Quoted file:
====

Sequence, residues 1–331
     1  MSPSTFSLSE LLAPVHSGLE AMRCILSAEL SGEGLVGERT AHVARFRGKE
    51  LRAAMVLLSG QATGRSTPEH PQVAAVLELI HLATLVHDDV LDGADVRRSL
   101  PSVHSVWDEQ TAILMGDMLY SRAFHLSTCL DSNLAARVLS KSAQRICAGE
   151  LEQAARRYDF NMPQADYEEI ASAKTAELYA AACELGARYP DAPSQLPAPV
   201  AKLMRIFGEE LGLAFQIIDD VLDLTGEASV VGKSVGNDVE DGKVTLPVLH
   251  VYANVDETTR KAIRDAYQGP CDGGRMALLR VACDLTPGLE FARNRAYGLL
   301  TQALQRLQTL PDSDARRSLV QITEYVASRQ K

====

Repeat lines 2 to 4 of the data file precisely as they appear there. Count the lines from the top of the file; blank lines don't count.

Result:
     1  MSPSTFSLSE LLAPVHSGLE AMRCILSAEL SGEGLVGERT AHVARFRGKE
    51  LRAAMVLLSG QATGRSTPEH PQVAAVLELI HLATLVHDDV LDGADVRRSL
   101  PSVHSVWDEQ TAILMGDMLY SRAFHLSTCL DSNLAARVLS KSAQRICAGE